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Unions and the strategy of class transformation: The case of the Broadway musicians

Catherine P Mulder, University of Massachusetts Amherst


Through a Marxian critique and analysis of the Broadway musicians' union, Local 802 of the American Federation of Musicians, and organizational design, this dissertation presents a case study that demonstrates how class blindness leads to contradictory and often unintended results, which reinforces a general critique of particular union strategies and agendas. The theoretical approach of New Marxian Class Analysis (NMCA), developed by Stephen Resnick and Richard Wolff is used to illustrate the possibility for class transformation. Through a detailed examination of the Broadway musicians' employment, this study shows how unions do not use their collective power for class transformation; moreover, radical union commentators/critics do not theorize about unions as possible agents for such class transformations. Also demonstrated is how unions can facilitate a class transformation that will increase workers' control over their working conditions and enable them to make the changes needed to improve their lives. Finally, this work proffers a proposal for a concrete class-transformative agenda and suggestions how it may be extended to other union workers.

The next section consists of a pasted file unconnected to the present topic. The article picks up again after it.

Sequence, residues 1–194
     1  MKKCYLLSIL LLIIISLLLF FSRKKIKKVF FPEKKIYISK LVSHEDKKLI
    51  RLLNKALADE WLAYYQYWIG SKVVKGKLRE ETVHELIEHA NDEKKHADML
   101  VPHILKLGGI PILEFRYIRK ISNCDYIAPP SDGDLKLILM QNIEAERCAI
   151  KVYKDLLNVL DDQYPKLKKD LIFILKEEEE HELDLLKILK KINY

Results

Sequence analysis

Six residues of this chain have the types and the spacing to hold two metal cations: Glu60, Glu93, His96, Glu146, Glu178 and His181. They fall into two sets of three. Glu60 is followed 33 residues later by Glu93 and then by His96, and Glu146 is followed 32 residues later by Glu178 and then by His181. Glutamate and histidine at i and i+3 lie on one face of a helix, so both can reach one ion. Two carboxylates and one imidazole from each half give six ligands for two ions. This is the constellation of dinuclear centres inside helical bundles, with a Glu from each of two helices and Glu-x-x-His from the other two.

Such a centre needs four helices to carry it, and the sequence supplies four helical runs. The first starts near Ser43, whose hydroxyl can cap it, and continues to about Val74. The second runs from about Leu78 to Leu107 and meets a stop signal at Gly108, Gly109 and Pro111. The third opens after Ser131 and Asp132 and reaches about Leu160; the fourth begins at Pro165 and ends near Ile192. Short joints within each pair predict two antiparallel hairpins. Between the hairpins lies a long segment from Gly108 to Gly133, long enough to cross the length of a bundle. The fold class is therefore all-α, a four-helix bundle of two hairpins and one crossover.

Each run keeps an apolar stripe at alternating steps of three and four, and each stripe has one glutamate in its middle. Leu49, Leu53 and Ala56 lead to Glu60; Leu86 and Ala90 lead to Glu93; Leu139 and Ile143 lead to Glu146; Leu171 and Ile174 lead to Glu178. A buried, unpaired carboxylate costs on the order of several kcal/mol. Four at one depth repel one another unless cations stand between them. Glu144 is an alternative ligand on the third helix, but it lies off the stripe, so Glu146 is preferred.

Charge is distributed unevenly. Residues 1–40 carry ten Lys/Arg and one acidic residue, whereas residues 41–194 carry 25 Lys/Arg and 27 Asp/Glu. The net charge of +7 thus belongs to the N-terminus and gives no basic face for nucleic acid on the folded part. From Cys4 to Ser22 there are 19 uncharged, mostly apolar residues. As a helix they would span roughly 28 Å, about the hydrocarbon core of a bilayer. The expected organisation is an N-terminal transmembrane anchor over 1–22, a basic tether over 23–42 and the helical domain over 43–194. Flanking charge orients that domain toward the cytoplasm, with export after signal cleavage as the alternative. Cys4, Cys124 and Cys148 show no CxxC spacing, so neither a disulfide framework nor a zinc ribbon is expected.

Subject Area

Labor economics|Economic theory|Economics

Recommended Citation

Mulder, Catherine P, "Unions and the strategy of class transformation: The case of the Broadway musicians" (2006). Doctoral Dissertations Available from Proquest. AAI3216957.